Surely Reynolds wrote this with a wink and a smile, for federalism is the way were are supposed to operate, and our problems have grown as the federal government has usurped more and more of the states’ proper role, turning gradually from a government of limited powers to Leviathan. Consider it another way: the more the federal government tries to do everything, the less it can do anything well.  The national economy and health care systems are too large and too diverse, and there’s too much information coming in, for them to be directed top-down by a few hundred (or even a few thousand) pols and bureaucrats in D.C. The needs of people differ in various parts of the country, and the resources needed to even try to manage everything nationally wind up being diverted from those things only the federal government can do well, such as national security.

The solution, as Reynolds writes, is to recognize those spheres of competence and respect them, something that’s happened less and less since the progressive era. This isn’t to say that the enumerated powers of Article 1, Section 8 are the end all and be all; the Founders themselves recognized that the Constitution would sometimes need amending (2) –including granting the federal government more power– and put in place procedures for doing just that. It’s through ignoring those limits and procedures that we’ve reached a point whereat so many think, with some justification, that the United States Government is becoming a threat to their liberty and prosperity.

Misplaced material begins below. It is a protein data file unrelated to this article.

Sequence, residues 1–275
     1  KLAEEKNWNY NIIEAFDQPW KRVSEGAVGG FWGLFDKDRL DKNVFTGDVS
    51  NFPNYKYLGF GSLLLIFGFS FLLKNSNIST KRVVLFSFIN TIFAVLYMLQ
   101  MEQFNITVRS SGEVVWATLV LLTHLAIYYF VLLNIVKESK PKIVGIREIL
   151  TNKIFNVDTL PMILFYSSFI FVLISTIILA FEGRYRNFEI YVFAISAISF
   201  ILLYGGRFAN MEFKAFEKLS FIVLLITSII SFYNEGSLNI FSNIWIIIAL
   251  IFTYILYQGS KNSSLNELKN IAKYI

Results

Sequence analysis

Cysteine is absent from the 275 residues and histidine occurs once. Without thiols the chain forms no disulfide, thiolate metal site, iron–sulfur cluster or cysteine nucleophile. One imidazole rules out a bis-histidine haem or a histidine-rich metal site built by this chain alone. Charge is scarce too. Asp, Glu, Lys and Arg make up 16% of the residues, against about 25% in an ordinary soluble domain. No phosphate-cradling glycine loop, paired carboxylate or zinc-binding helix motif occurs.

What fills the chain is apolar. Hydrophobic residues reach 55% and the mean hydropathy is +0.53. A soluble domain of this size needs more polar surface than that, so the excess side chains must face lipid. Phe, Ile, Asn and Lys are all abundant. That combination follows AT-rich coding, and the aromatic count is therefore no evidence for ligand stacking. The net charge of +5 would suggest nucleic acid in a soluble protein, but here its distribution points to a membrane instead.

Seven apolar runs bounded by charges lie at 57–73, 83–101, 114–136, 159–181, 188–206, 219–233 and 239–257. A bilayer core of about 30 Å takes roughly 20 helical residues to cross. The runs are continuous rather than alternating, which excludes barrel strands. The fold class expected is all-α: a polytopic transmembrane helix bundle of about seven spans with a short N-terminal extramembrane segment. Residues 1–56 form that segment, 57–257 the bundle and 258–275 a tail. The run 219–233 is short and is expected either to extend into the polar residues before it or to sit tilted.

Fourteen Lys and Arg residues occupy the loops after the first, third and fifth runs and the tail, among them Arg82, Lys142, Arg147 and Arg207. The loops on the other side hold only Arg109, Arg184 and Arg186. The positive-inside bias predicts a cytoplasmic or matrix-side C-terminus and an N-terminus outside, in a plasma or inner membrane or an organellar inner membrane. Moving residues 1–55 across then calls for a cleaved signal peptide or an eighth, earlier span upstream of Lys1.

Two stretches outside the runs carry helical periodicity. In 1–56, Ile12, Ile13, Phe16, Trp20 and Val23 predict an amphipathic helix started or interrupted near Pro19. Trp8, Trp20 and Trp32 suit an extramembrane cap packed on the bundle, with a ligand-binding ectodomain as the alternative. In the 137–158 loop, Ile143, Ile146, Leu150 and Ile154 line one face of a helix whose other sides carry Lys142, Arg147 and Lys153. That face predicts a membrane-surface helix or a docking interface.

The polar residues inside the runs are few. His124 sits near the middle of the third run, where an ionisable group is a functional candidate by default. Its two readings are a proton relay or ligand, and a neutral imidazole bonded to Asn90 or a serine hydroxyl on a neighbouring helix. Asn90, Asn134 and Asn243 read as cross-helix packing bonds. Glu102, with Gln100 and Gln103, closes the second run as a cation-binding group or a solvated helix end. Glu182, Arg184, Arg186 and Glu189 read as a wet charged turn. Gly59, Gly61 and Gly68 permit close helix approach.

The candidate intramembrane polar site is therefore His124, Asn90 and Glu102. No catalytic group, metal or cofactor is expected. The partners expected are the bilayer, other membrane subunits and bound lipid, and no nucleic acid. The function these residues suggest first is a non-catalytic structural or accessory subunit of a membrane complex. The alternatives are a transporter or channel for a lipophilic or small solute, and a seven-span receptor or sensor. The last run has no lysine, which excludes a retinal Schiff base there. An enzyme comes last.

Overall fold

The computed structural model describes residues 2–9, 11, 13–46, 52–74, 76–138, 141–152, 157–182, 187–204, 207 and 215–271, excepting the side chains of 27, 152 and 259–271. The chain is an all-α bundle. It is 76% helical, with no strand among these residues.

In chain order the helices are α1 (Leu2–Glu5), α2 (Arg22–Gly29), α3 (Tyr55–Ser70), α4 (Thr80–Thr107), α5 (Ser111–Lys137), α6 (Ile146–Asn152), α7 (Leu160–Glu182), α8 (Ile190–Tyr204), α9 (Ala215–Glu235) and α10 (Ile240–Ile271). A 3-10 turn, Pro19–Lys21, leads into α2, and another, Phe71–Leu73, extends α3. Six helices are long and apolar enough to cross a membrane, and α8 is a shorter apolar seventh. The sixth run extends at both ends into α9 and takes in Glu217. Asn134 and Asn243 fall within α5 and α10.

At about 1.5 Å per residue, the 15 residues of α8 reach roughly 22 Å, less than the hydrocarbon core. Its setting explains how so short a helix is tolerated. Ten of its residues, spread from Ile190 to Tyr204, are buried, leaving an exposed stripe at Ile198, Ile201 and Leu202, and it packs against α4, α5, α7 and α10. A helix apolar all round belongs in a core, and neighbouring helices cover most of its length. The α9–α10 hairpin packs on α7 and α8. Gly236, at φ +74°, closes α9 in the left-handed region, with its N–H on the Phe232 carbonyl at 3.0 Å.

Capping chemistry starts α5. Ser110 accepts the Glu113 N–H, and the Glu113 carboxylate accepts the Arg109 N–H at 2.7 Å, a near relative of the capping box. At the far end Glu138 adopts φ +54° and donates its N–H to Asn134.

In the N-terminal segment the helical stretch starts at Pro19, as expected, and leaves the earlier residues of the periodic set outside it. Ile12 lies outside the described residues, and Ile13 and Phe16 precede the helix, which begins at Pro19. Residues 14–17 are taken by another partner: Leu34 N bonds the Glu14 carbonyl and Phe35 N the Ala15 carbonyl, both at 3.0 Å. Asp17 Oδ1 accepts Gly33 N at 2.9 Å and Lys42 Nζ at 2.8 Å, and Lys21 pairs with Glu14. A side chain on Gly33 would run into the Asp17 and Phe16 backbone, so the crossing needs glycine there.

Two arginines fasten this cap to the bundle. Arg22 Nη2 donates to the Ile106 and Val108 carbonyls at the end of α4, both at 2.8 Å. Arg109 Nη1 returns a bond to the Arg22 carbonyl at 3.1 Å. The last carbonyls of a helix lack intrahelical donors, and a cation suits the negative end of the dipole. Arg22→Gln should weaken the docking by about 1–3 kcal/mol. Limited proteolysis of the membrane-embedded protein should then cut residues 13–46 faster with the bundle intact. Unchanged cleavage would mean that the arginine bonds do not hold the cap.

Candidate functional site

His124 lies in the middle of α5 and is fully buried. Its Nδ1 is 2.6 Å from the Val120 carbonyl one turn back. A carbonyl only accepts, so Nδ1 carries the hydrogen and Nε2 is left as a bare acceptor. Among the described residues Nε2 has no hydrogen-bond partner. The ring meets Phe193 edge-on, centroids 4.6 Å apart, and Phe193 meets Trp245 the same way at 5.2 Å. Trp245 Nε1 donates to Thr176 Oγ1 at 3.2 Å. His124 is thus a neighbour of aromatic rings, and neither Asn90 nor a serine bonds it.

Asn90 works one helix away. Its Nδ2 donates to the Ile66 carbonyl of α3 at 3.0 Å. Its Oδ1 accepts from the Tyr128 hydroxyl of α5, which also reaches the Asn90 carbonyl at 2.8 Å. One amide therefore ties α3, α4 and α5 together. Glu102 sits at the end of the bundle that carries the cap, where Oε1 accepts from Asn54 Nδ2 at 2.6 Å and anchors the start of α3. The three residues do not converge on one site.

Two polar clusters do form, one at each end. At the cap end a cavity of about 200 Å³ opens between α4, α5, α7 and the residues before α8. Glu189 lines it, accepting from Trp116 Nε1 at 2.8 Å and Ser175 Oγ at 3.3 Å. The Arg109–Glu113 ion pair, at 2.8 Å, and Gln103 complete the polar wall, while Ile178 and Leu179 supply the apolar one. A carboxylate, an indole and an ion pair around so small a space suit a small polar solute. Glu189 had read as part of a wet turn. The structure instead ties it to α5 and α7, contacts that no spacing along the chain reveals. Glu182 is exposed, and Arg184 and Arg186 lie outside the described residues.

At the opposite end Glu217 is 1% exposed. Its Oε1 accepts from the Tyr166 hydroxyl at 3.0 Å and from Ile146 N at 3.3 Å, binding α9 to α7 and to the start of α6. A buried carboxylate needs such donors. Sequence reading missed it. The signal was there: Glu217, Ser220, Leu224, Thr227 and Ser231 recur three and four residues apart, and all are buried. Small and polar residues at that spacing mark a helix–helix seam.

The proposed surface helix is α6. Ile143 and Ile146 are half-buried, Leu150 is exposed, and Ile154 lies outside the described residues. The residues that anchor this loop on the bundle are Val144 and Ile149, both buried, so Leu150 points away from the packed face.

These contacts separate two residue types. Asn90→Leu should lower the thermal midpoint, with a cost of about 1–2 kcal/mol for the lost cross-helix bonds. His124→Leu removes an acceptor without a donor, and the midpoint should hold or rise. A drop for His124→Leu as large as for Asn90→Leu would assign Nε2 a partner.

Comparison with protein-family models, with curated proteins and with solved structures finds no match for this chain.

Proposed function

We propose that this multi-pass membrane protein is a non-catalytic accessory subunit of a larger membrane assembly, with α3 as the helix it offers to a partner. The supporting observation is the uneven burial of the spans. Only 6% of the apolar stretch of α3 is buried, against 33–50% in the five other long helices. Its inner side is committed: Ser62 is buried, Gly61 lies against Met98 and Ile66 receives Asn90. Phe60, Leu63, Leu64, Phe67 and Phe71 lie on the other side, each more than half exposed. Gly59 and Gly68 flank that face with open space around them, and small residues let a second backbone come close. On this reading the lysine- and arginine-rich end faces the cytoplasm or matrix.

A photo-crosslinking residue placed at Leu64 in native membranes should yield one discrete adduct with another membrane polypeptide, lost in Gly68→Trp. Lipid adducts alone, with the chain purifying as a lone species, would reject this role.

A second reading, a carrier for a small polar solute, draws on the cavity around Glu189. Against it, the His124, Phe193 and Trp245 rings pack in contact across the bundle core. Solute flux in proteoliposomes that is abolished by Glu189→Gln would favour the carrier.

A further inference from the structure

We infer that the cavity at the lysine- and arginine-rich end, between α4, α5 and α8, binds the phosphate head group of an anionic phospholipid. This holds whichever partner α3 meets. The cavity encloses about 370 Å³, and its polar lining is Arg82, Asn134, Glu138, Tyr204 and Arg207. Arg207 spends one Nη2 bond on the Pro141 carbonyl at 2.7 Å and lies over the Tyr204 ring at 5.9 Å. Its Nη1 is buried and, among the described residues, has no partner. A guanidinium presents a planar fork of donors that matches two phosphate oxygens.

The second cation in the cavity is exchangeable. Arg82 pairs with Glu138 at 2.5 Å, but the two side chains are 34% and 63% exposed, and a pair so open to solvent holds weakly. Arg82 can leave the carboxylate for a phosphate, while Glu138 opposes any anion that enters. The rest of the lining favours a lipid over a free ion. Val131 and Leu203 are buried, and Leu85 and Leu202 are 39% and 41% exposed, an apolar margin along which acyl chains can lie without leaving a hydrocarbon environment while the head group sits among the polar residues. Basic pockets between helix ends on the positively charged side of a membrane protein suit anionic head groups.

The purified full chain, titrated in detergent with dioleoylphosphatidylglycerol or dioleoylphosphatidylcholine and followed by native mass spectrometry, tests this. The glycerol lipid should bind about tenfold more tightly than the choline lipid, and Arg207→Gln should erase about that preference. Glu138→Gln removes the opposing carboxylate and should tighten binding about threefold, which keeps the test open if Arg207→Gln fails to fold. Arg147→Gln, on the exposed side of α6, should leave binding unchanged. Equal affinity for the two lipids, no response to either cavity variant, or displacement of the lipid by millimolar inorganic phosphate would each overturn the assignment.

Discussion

Change won’t be easy, and the genie of the progressive administrative state probably can’t ever be wholly put back in the bottle. But for the health of our body politic we have to keep trying.

Footnotes:
(1) Also “states’ rights,” but that term was forever tainted thanks to defenders of slavery and Jim Crow hiding behind it, back in the day.
(2) And I do think several are needed to deal with the progressive-statist tendency to grab more and more power. Professor Randy Barnett’s Bill of Federalism is a great starting point for discussion. Oddly enough, in the wake of their defeat in 2004, progressives themselves were arguing for federalism. Bipartisanship!

(Crossposted at Sister Toldjah)


Restraining Leviathan II: spending limits

December 22, 2010

A few weeks ago I wrote about the proposed Repeal Amendment, a change to the Constitution that would allow the states to repeal any federal law or regulation on approval of two-thirds of the state legislatures. The idea would be to allow another avenue of pushback against bad legislation, such as ObamaCare, and regulations that threaten our individual liberties, such as the recently announced assumption of regulatory power over the Internet by the FCC.